Three British Columbia Chum Salmon Fisheries Awarded MSC Certification
Jan 08, 2013
Canada’s supply of MSC certified seafood into the global market took a major step forward today when three British Columbia chum salmon fisheries (Oncorhynchus keta) were awarded Marine Stewardship Council certification as sustainable and well-managed fisheries. The Inner South Coast, West Coast Vancouver Island and Fraser River chum salmon fisheries received MSC certification following an independent, third-party, rigorous scientific assessment that was conducted by Intertek Moody Marine (IMM). A fourth unit of certification, the North/Central Coast fishery, is still in assessment.
With today’s announcement, fisheries harvesting Canada’s main commercial species of salmon, chum, pink, and sockeye, are now certified to the MSC standard as sustainable and well-managed fisheries. Commercial harvesters for chum salmon use seine, gillnet, troll, beach seine, fish wheels, weirs and dipnets. In 2012 the three units of certification amounted to about 3,000 MT destined for buyers worldwide, about three quarters of the total BC chum harvest.
What the fishery says
Christina Burridge, representing the Canadian Pacific Sustainable Fisheries Society (CPSFS), which entered the fisheries into assessment, said, “With chum fisheries closing for the year in early December 2012, we are pleased that harvest is covered under the certificate and delighted to offer these fish to our customers with the MSC certification so important to them. We look forward to adding the North Coast and Central Coast fishery in the months ahead.”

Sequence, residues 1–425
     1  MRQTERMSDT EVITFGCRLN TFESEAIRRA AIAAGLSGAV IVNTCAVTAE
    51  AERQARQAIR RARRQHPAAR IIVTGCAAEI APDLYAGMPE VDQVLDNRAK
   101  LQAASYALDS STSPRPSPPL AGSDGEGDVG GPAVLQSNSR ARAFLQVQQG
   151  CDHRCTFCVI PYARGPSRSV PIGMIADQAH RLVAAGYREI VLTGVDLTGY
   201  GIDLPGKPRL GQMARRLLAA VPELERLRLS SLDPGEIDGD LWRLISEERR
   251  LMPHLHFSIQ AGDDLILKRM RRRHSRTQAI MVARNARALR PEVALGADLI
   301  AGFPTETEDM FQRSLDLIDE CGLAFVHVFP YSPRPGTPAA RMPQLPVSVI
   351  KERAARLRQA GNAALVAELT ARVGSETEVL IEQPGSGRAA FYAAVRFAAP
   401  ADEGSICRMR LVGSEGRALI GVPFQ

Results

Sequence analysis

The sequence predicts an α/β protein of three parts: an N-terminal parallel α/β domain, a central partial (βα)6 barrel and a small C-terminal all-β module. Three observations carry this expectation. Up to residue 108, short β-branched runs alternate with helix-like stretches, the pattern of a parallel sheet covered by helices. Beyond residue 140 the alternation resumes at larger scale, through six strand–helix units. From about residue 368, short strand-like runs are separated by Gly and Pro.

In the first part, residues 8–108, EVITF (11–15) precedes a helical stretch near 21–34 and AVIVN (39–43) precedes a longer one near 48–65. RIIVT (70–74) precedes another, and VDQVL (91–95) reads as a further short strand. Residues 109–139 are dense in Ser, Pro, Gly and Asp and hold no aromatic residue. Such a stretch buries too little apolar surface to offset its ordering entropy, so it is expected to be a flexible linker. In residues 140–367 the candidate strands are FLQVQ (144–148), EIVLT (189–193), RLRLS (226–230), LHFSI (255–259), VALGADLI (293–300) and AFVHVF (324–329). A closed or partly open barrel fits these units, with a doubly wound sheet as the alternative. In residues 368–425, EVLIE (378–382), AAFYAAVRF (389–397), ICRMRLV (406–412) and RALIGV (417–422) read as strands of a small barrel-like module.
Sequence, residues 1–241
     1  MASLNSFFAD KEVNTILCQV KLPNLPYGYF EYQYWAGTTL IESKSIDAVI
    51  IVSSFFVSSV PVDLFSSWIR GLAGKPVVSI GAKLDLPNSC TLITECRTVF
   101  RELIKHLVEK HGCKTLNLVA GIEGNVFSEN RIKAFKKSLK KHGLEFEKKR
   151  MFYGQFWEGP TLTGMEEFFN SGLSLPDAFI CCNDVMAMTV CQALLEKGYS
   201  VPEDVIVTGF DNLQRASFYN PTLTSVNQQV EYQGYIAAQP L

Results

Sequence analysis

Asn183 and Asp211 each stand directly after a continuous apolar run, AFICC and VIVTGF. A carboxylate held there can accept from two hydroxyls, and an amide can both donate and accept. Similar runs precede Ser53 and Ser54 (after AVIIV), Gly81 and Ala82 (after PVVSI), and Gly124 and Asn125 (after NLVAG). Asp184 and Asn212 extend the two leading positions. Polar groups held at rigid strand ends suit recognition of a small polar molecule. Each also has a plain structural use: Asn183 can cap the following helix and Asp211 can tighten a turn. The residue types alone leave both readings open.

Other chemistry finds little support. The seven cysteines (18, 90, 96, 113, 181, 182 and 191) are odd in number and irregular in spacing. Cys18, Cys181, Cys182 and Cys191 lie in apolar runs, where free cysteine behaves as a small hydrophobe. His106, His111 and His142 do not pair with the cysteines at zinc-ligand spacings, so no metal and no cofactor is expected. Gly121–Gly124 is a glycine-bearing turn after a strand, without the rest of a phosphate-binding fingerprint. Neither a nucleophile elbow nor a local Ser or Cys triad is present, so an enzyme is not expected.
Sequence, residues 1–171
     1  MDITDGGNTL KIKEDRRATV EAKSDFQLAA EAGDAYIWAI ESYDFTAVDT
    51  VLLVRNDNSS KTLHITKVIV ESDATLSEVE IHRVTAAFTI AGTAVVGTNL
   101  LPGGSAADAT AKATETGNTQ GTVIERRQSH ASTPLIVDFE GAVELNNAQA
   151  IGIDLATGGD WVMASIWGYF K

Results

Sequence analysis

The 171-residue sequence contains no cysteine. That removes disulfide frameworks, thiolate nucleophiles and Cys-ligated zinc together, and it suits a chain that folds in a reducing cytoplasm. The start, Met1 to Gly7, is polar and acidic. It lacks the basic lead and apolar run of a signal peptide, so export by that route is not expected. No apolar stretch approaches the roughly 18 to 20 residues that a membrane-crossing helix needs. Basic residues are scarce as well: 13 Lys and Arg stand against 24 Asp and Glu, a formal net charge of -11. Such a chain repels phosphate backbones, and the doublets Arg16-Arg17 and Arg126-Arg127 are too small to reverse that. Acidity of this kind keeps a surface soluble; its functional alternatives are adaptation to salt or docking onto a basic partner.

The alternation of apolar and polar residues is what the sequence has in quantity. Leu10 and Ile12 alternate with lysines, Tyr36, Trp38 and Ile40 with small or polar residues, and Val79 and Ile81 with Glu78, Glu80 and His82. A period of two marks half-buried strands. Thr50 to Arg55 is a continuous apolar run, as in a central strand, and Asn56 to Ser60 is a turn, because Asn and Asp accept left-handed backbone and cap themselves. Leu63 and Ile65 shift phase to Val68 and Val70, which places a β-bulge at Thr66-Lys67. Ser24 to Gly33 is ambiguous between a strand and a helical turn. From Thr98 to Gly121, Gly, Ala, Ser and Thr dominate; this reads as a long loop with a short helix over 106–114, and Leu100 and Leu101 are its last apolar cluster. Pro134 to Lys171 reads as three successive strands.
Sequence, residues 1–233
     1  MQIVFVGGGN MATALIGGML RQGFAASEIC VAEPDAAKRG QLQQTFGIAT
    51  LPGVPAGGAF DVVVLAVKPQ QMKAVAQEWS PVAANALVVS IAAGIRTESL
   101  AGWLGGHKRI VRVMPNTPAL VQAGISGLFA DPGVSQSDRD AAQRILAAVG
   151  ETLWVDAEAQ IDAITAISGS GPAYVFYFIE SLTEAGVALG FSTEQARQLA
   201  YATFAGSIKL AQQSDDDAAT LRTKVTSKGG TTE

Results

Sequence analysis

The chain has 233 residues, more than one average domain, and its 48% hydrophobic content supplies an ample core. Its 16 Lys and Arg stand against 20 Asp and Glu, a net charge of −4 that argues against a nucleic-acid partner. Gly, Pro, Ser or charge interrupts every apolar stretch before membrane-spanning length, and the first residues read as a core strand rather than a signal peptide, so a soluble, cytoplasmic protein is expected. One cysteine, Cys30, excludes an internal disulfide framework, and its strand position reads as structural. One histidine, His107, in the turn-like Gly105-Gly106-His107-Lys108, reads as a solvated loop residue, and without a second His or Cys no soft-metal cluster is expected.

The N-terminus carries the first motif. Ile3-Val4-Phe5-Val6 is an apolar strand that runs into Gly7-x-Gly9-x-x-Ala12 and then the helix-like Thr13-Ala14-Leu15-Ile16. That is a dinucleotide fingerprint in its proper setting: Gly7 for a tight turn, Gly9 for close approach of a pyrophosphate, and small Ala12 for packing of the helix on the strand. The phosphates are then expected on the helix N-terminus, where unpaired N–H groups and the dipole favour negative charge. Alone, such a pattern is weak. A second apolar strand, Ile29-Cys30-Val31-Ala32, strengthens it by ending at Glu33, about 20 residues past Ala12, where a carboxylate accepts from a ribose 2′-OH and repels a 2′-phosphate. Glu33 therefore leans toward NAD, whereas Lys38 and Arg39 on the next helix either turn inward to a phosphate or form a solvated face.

What the MSC says
Kerry Coughlin, Americas regional director, said, “MSC certification of these salmon fisheries underscores Canada’s commitment to sustainable seafood. The Canadian Pacific Sustainable Fisheries Society represents virtually all the buyers of Canadian wild salmon and we welcome the addition of the chum salmon fisheries into the MSC program and the global certified supply chain.”
The chum salmon fisheries are managed by Fisheries and Oceans Canada (DFO), which regulates management and oversees Canada’s sustainable fishery policies, including setting the Total Allowable Catch (TAC), gear requirements and season openings. In Canada, salmon landings are verified through a combination of landing site monitoring, log books, sales slips and random audits. Certification includes improvement actions that will better define harvest control rules and ongoing monitoring of stock status to help inform Canadian regulatory officials as they make management decisions about the fisheries both in season and for the long term in the future.